Earlier this month, the Durham County Board of Commissioners unanimously approved a resolution to recognize and pay tribute to a Rougemont man who recently ended his term as the first Black president of one of the country’s largest civic organizations, Ruritan National, following two terms of service beginning in 2019.
Board vice chair Wendy Jacobs introduced the resolution at the beginning of the board’s January 10 meeting.
“It was important for our board … and our entire community to be aware of, celebrate, and recognize the lifetime service of Mr. Linward Hedgspeth,” Jacobs told the INDY. “This is something we should all know about, recognize, and celebrate.”
Hedgspeth’s term as president of the 93-year-old civic service organization ended January 8 with the installation of its new president.
While speaking to the commissioners during the virtual meeting, Hedgspeth said he was honored to serve, adding that he had “a lovely tenure.” While it was a lot of work being national president, “it was a labor of love,” he told the INDY.
Hedgspeth, who retired from IBM in 2014, says when he first joined the Rougemont Ruritan Club in 2005, he never intended to become even the local president, never mind the organization’s national leader.
Tiny Rougemont sits on rolling farmland in northern Durham County. Hedgspeth says Rougemont homes are passed down through generations and, save for northern newcomers who have purchased old farms, the unincorporated community of about 1,000 people hasn’t changed much since he was a child.
“We got a Dollar General a couple of years ago,” he told the INDY.
During the meeting, commissioner Nimesheena Burns noted that she grew up in a small town, and recalled how the Ruritans sponsored 4-H activities for young people in her community. She thanked Hedgspeth for his service and for leading Ruritan during the pandemic, along with “knocking down doors” while “putting a crack in that glass ceiling and going through it.”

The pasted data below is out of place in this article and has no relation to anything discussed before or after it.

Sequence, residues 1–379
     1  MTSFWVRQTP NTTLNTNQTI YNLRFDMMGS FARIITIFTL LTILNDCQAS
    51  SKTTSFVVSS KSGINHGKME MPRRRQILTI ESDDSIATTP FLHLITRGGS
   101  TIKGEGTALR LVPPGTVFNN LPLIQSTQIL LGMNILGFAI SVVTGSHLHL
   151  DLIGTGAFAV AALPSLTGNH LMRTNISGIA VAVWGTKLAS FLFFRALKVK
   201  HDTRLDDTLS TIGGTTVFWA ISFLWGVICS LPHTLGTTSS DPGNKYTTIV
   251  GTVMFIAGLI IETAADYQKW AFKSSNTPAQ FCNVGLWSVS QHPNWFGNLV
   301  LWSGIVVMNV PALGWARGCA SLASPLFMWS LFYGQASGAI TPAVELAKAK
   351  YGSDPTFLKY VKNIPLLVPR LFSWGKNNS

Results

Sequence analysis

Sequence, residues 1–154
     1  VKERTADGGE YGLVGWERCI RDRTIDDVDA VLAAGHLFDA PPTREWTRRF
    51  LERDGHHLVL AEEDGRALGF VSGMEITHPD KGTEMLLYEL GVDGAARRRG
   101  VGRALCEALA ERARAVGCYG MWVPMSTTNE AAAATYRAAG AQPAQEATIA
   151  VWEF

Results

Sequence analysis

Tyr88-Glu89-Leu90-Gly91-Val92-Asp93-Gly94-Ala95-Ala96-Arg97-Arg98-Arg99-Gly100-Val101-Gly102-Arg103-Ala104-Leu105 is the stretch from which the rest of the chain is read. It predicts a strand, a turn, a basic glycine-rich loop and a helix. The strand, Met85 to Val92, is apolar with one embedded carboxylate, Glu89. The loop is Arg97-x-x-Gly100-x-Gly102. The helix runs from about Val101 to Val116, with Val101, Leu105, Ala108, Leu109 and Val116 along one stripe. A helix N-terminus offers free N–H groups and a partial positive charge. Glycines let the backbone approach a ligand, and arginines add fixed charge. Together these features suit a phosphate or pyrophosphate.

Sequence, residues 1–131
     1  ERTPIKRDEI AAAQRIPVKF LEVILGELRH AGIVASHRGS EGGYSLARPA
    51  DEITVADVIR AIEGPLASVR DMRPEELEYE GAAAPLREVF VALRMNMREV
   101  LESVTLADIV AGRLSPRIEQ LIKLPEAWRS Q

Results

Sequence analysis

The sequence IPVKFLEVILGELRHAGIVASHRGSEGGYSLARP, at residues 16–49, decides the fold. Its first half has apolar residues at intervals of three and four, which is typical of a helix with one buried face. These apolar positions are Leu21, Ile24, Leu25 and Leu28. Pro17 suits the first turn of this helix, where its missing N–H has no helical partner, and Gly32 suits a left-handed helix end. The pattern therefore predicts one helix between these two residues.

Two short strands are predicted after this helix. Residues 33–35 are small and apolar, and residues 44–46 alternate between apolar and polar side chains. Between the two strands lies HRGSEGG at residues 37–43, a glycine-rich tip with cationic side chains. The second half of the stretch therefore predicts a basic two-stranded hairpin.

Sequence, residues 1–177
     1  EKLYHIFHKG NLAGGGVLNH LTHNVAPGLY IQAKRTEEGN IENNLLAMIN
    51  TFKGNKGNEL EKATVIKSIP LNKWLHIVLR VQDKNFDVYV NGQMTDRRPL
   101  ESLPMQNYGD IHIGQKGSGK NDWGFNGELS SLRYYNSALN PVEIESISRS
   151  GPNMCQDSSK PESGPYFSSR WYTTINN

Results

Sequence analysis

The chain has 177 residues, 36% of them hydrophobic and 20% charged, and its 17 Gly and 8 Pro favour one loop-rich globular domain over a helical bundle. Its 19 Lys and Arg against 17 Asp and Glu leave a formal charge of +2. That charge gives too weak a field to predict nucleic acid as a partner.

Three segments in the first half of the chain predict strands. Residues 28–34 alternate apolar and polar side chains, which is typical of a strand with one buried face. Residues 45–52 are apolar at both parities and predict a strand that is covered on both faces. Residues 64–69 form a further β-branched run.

Hedgspeth says he doesn’t put much stock in being the civic organization’s first national Black president, and he says in a nation that pays lip service about making a change, well-meaning Americans should take a page out of the Ruritan notebook.
“Being the first person of color to serve as Ruritan’s national president was never a concern,” he says. “The fact [that] Ruritan selected me to serve in this leadership role says Ruritans [have] changed, and I am proof. And so should the nation.”
Hedgspeth says he is most proud of navigating the organization at the height of the global pandemic, while trying to maintain normalcy during one of the most aberrant periods in global history.
“A lot of these clubs are old,” he says. “A lot of the older folks were scared to go out and [the clubs] just disbanded.” Some of the older members have lost their lives to COVID.
Ruritan National was founded in 1928, with the start of its first club in Holland, Virginia, and has become America’s leading service organization, according to Ruritan’s website.
During his tenure, Hedgspeth was the source of “inspirational and transformative leadership for the nearly 25,000 Ruritan Club members in 900 local communities throughout the United States during the unprecedented and challenging time of a global pandemic,” the county commissioners state in the resolution.
Part of Hedgspeth’s transformative brand of leadership has its roots in the creation of a local chapter that features, arguably, the most diverse membership of any club in the country.
“When I first joined, a lot of the clubs were places for mostly old, white men. A lot of the clubs are still that way,” Hedgspeth says. “Our club is multi-racial, with a lot of folks of color; white, Hispanic, Black, male and female, younger members and older members. We have a variety of folks. We are trying to change that narrative.”
Hedgspeth notes that before diversity became a defining feature of the Rougemont Ruritans, things “were kind of like tribal.”
“We want to serve everybody,” he explains. “We won’t discriminate.”
The civic leader says Ruritan was designed for members of rural communities, and a way for farmers and small businessmen to band together and improve quality of life in those areas.
“That’s why it’s called Ruritan,” he says as he lists a slate of annual activities sponsored by the local chapter: financial scholarships for several high schools, community Brunswick stew dinners sold by the quart, pancakes and sausage breakfasts, a spring festival and parade that features an Easter egg hunt and games, volunteering at voter precincts, a food bank, yearly roadside trash pickups, and an all-you-can-eat homemade ice cream social each midsummer to honor the town’s first responders.